The real aim is to change the regime in Lebanon and to install a puppet government. That was the aim of Ariel Sharon’s invasion of Lebanon in 1982. It failed. But Sharon and his pupils in the military and political leadership have never really given up on it. That’s the main thing. Everything else is noise and propaganda.
On the eve of the 1982 invasion, US Secretary of State Alexander Haig told Ariel Sharon that, before starting it, it was necessary to have a ‘clear provocation’, which would be accepted by the world. The provocation indeed took place – exactly at the appropriate time – when Abu-Nidal’s terror gang tried to assassinate the Israeli Ambassador in London. This had no connection with Lebanon, and even less with the PLO (the enemy of Abu-Nidal), but it served its purpose.
This time, the necessary provocation has been provided by the capture of the two Israeli soldiers by Hizbullah. Everyone knows that they cannot be freed except through an exchange of prisoners. But the huge military campaign that has been ready to go for months was sold to the Israeli and international public as a rescue operation.
Of course, the present operation also has several secondary aims, which do not include the freeing of the prisoners. Everybody understands that that cannot be achieved by military means. But it is probably possible to destroy some of the thousands of missiles that Hizbullah has accumulated over the years. For this end, the army chiefs are ready to endanger the inhabitants of the Israeli towns that are exposed to the rockets. They believe that that is worthwhile, like an exchange of chess figures.
Another secondary aim is to rehabilitate the ‘deterrent power’ of the army. That is a codeword for the restoration of the army’s injured pride that has suffered a severe blow from the daring military actions of Hamas in the south and Hizbullah in the north.
Officially, the Israeli Government demands that the Government of Lebanon disarm Hizbullah and remove it from the border region. That is clearly impossible under the present Lebanese regime, a delicate fabric of ethno-religious communities. The slightest shock can bring the whole structure crashing down and throw the state into total anarchy – especially after the Americans succeeded in driving out the Syrian army, the only element that has for years provided some stability.
‘when the weapons speak, the muses fall silent’. Or rather, when the guns roar, the brain ceases to function
The calculation now is that if the Israeli Air Force rains heavy enough blows on the Lebanese population – paralyzing the sea- and airports, destroying the infrastructure, bombarding residential neighborhoods, cutting the Beirut-Damascus high road – that the public will get furious with Hizbullah and pressure the Lebanese Government into fulfilling Israel’s demands. Since the present government cannot even dream of doing so, a dictatorship will be set up with Israel’s support.
That is the military logic. I have my doubts. It can be assumed that most Lebanese will react as any other people on earth would: with fury and hatred towards the invader. That happened in 1982, when the Shi’a in the south of Lebanon – until then as docile as a doormat – stood up against the Israeli occupiers and created Hizbullah, which has become the strongest force in the country. If the Lebanese élite now becomes tainted as collaborators with Israel, it will be swept off the map.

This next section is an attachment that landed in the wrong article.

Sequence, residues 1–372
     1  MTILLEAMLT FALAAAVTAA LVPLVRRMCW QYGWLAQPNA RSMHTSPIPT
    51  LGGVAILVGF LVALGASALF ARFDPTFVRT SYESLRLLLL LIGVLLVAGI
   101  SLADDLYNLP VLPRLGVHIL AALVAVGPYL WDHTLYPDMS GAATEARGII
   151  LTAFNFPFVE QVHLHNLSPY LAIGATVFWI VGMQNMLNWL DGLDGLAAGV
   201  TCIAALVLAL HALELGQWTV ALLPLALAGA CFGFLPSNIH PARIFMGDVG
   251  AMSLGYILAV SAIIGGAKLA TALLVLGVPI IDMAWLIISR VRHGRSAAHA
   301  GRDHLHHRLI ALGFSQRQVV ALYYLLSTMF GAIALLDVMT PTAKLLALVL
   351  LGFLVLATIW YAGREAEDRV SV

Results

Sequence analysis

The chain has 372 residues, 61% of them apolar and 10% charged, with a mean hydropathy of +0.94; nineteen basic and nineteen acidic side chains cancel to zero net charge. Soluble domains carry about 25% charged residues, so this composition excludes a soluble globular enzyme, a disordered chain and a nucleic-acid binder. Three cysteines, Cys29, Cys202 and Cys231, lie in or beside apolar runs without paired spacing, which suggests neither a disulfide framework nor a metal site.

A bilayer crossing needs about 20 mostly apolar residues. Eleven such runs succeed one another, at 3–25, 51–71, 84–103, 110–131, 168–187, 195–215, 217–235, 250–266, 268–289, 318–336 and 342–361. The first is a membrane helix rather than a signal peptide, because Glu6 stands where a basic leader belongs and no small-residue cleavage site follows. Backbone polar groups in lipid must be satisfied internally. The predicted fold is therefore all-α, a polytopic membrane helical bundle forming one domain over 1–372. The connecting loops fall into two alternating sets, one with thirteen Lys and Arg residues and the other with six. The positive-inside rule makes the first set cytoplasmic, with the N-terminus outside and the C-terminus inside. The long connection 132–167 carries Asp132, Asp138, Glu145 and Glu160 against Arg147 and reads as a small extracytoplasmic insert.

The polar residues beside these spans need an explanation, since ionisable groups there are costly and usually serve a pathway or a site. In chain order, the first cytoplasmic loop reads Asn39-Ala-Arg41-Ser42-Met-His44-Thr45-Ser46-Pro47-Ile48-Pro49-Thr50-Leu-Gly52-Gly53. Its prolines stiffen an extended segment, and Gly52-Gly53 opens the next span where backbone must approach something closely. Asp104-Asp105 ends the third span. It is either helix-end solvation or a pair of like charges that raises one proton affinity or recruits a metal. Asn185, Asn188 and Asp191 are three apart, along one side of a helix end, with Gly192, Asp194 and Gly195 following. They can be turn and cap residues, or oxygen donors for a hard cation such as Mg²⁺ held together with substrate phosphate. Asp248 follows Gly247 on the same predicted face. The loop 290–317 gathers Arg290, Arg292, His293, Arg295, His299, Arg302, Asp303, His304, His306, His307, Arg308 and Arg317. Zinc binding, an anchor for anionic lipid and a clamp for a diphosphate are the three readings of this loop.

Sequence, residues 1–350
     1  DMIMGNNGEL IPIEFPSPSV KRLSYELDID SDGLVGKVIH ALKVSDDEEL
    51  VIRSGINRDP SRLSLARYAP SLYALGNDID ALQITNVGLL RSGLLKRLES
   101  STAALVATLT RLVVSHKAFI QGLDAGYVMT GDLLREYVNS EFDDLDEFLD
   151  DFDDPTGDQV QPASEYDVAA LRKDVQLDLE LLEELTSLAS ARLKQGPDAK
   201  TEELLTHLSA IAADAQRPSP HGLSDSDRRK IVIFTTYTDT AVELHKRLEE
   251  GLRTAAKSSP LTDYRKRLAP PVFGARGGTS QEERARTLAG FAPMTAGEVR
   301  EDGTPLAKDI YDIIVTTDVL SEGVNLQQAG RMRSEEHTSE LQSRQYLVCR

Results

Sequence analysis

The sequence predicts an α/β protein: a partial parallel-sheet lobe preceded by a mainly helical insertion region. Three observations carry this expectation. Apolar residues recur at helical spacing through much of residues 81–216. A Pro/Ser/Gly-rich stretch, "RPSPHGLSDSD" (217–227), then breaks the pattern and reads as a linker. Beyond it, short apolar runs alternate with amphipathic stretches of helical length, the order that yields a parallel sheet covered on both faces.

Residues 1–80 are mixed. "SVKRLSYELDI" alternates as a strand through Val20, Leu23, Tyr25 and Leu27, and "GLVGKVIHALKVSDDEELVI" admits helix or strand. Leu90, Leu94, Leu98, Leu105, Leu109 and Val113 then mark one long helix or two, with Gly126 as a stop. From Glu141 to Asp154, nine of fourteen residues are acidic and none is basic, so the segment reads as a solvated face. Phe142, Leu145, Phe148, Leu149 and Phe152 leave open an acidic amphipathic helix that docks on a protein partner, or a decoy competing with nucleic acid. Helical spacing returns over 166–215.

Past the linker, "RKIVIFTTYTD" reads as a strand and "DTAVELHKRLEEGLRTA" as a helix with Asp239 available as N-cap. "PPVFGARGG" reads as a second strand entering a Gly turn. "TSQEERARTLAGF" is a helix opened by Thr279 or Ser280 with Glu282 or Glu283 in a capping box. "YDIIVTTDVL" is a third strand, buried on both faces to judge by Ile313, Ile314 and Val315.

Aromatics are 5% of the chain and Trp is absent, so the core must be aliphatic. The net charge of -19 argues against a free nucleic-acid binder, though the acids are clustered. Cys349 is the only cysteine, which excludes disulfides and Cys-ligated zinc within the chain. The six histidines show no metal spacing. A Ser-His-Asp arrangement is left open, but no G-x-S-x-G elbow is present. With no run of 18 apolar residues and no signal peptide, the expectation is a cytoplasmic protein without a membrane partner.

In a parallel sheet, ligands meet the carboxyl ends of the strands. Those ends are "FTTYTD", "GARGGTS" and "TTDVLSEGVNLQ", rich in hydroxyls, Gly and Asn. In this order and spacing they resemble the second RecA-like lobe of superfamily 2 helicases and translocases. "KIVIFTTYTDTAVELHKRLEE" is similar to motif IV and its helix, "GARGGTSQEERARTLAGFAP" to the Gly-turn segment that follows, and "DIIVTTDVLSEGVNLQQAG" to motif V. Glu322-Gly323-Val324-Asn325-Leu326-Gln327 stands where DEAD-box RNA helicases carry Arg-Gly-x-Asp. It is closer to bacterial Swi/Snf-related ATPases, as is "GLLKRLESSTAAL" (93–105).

The American policy is full of contradictions. President Bush wants ‘regime change’ in the Middle East, but the present Lebanese regime has only recently been set up under American pressure. In the meantime, Bush has succeeded only in breaking up Iraq and causing a civil war. He may get the same in Lebanon, if he does not stop the Israeli army in time. Moreover, a devastating blow against Hizbullah may arouse fury not only in Iran, but also among the Shi’a in Iraq, on whose support all of Bush’s plans for a pro-American regime are built.
So what’s the answer? Not by accident, Hizbullah has carried out its soldier-snatching raid at a time when the Palestinians are crying out for succour. The Palestinian cause is popular all over the Arab world. By showing that they are a friend in need, when all other Arabs are failing dismally, Hizbullah hopes to increase its popularity.
Less than three months after its formation, the Olmert-Peretz Government has succeeded in plunging Israel into a two-front war, whose aims are unrealistic and whose results cannot be foreseen. If Olmert hopes to be seen as Mister Macho-Macho, a Sharon # 2, he will be disappointed. The same goes for the desperate attempts of Peretz to be taken seriously as an imposing Mister Security. Everybody understands that this campaign – both in Gaza and in Lebanon – has been planned by the army and dictated by the army. The man who makes the decisions in Israel now is Dan Halutz – Chief of Staff and formerly Air Force commander.
The public is not enthusiastic about the war. It is resigned to it, in stoic fatalism, because it is being told that there is no alternative. And indeed, who can be against it? Who does not want to liberate the ‘kidnapped soldiers’? Who does not want to remove the Katyushas and rehabilitate deterrence? In the media the generals reign supreme, and not only those in uniform. There is almost no former general who is not being invited to comment, explain and justify, all speaking in one voice. Inter arma silent Musae – ‘when the weapons speak, the muses fall silent’. Or rather, when the guns roar, the brain ceases to function.
When the State of Israel was founded in the middle of a cruel war, a poster was plastered on the walls: ‘All the country – a front! All the people – an army!’
Some 58 years have passed, and the same slogan is still as valid as it was then. What does that say about generations of statespeople and generals?